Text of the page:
I haven't blogged much about this, but over the past 7 or 8 months I've been working at losing weight. So far I've lost about 40 lbs. I keep running into old friends who are impressed with the changes I've made and all of them, without fail, ask me one question:
"How did you do it?"
Two things. The first is called a treadmill. Second, I learned to like salads. Yep, that's right. I'm exercising and learning to eat right.
"Oh." They reply with a disappointed sigh.
The turning point for me, when I first started trying to lose weight, was realizing that there is no "easy" way. I know people want me to tell them that I just took magic pill #53, then sat back and ate potato chips as I lost weight. That doesn't work (and for the record, I have not even tasted a potato chip in over four months now. Hopefully the twitching will go away in time ;-) ).
The same thing happens with writers. I finish a novel or complete X number of words in a day/week/month and they all ask me:
"How did you do it?"
I sat my butt in the chair and pounded on the keyboard for three or four hours every day, that's how. Just like when I'd get home from work then turn around and walk three miles on the treadmill, I made myself do it. I didn't let myself make the excuse of saying "well I just don't feel like it." Seriously, who actually LIKES getting all sweaty and nasty and out of breath? Not me. Who LIKES sitting in front of a computer for hours trying to mend a plot hole without ripping three new ones open? Not me. I would much rather have the story magically come to me and write it perfectly the first time. I'd also like to eat a whole bag of potato chips in one sitting. None of theses are realistic or healthy.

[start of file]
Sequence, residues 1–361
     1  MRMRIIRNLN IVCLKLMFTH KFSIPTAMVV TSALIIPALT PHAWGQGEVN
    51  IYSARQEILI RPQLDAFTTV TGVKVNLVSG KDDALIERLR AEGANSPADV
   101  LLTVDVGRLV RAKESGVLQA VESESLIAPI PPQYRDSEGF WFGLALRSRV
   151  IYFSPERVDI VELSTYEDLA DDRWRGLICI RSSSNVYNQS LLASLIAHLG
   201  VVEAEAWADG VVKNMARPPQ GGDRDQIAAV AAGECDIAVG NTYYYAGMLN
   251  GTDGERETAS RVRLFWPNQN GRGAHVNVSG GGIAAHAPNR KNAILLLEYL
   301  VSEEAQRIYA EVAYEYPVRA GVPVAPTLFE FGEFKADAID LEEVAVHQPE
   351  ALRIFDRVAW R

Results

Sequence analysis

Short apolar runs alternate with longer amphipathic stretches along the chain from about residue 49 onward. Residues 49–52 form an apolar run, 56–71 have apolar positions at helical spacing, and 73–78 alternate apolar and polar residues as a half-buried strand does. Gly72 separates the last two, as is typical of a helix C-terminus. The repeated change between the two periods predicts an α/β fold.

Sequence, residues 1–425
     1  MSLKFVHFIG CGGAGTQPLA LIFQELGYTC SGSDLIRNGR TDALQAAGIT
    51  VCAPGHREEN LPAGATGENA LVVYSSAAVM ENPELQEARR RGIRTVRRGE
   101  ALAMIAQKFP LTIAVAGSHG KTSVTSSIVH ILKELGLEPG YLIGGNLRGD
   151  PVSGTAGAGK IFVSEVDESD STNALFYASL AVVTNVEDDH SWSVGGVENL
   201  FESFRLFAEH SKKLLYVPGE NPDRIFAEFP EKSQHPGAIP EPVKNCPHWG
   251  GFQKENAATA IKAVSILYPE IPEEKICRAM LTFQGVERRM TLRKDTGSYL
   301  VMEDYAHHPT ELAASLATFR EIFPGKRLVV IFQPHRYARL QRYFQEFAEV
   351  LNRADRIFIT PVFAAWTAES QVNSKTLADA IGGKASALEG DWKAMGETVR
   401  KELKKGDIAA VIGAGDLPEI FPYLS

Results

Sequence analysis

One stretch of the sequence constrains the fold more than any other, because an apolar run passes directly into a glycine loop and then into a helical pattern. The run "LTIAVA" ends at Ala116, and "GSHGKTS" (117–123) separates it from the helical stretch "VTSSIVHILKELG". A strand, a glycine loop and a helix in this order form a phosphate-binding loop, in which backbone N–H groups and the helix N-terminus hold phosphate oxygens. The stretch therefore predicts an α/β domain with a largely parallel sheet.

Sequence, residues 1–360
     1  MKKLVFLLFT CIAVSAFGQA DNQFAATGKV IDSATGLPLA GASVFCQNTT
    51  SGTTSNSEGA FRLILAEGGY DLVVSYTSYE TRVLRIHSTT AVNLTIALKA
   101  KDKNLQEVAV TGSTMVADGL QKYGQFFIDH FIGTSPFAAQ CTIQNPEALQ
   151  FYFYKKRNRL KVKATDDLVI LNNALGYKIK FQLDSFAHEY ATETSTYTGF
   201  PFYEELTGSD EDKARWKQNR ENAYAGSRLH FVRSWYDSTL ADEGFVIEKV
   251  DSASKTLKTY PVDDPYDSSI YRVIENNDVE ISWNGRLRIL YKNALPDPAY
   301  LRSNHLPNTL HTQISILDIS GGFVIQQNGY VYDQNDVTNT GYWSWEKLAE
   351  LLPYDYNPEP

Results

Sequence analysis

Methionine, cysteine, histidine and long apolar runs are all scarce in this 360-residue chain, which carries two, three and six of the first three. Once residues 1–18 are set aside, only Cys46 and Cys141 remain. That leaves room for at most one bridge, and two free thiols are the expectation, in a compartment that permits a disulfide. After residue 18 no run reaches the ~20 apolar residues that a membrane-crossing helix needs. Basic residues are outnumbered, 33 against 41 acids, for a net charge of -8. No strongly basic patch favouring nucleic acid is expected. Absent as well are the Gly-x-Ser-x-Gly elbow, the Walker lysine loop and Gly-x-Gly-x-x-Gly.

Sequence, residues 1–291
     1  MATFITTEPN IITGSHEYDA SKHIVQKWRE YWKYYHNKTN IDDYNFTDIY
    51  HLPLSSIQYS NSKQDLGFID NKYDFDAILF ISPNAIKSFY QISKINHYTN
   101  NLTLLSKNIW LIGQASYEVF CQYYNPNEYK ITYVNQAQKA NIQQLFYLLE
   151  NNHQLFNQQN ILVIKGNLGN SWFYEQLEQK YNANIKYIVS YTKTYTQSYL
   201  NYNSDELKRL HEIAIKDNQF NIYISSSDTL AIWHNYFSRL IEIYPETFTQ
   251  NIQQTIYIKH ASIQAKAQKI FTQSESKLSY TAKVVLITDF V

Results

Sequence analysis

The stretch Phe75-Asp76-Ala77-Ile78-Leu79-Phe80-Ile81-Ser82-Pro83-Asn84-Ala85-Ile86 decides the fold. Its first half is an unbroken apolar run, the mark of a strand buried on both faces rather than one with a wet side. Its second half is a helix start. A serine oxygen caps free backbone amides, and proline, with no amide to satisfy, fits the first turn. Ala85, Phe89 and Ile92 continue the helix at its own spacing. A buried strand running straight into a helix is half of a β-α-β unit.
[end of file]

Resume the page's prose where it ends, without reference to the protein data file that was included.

Writers are good at trying to make everything "just right". They have rituals and lucky items and special paper. I've seem people pay enormous amounts of money on computer programs that say they if you buy them then you can finally get that novel written. Like it will somehow magically do the hard stuff for you. Theses programs my help some people, but you still have to put in the work. And believe me, writing a novel is a lot of work. If anyone tells you otherwise they're a) More delusional then is healthy (even for a writer) or b) Lying through their teeth. But if you accept the fact that, at times, writing isn't going to be bliss and sunshine, that you're actually going to sweat a little, then it makes things a lot easier. You will know that when you come to a hard part and have to push through it that it's OK. That's just a natural part of writing. There's nothing wrong with you. You're not doing something wrong. You don't need that fancy new program or shiny new pill to make it all better.
Pain and struggle are just part of the proses. Push through it and keep going. Never give up. Then one day you'll go to the store and realize that you can ware pants that are three sizes smaller then the ones you wore last year or you'll look down and see the completed manuscript on your desk.
It's not magical. It's sweat and tears and some paper cuts and more then a few blisters.
Like they say: No pain no gain.